Opera issued an advisory this week for its eponymous browser detailing a flaw in the way the software handles long links--a vulnerability that could be exploited to run programs on a victim's system.
The patch is a relative rarity for Opera, which consistently has the lowest vulnerability count every year, but also has the lowest market share among the major Internet browser for the Windows operating system. The Opera browser had 7 documented vulnerabilities in the first half of 2006, compared to 47 for Mozilla's Firefox and 38 for Microsoft's Internet Explorer, according to Symantec's Internet Security Threat Report. (SecurityFocus is owned by Symantec.)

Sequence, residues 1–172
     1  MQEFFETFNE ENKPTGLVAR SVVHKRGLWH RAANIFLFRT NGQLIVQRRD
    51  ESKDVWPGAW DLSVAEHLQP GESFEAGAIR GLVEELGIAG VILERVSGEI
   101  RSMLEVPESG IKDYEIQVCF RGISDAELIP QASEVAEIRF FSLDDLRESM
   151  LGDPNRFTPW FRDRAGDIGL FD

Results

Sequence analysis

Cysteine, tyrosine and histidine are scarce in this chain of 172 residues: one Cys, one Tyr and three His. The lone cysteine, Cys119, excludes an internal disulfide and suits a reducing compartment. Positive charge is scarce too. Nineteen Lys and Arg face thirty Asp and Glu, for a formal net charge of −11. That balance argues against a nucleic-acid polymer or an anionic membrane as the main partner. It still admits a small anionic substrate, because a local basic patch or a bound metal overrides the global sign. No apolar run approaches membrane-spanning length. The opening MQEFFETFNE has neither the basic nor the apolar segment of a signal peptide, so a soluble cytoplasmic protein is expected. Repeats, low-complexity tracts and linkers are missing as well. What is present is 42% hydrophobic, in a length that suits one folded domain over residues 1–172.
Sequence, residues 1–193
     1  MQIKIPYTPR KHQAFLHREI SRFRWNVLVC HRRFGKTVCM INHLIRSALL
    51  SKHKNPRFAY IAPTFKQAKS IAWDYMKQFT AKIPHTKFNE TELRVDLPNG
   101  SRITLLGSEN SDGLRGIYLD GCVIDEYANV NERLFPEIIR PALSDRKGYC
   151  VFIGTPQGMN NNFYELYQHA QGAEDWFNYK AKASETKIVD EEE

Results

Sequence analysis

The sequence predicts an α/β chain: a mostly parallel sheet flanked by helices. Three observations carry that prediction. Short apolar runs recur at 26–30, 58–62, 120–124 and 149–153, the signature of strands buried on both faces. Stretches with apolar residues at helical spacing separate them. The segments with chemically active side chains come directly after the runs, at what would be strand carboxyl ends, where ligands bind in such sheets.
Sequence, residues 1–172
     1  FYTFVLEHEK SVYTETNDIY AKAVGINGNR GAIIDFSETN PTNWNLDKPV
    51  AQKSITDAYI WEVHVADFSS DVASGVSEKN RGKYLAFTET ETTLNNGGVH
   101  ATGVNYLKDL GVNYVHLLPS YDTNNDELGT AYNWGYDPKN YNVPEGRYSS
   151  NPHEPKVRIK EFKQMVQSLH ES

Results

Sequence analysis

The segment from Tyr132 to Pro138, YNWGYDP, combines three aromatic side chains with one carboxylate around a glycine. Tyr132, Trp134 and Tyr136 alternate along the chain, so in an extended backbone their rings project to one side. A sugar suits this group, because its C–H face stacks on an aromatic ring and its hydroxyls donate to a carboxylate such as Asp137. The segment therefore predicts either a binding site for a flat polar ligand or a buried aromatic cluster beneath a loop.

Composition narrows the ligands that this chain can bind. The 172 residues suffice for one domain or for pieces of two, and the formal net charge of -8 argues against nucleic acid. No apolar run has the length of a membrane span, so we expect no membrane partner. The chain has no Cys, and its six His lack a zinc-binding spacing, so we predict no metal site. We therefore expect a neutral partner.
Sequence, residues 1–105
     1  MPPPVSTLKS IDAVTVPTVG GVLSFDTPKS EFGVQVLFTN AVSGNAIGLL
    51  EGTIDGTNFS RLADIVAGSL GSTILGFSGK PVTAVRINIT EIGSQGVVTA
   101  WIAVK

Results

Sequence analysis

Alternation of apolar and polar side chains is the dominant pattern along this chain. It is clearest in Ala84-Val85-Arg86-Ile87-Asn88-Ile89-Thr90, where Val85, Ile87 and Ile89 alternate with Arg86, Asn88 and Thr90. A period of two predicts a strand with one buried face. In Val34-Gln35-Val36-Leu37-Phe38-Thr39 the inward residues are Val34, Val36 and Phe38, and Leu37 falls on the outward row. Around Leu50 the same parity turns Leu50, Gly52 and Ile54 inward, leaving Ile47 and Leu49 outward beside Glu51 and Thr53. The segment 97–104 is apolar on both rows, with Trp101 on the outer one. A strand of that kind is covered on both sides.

Security firm iDefense Labs, a subsidiary of VeriSign, reported the flaw to Opera.
"Successful remote exploitation allows an attacker to execute arbitrary code with the privileges of the logged in user," the firm said in an advisory released this week. "A failed exploitation attempt may result in the browser crashing."
Browsers have become a major target of online attacks in the past two years, a trend that Opera's software has largely escaped. Microsoft's Internet Explorer has been targeted by zero-day attacks using previously unknown flaws in the browser. On Wednesday, Microsoft released its most security-focused browser to date, Internet Explorer 7.
There is no known workaround for the Opera issue. Opera recommends that users of its browser upgrade to version 9.02, which does not have the flaw.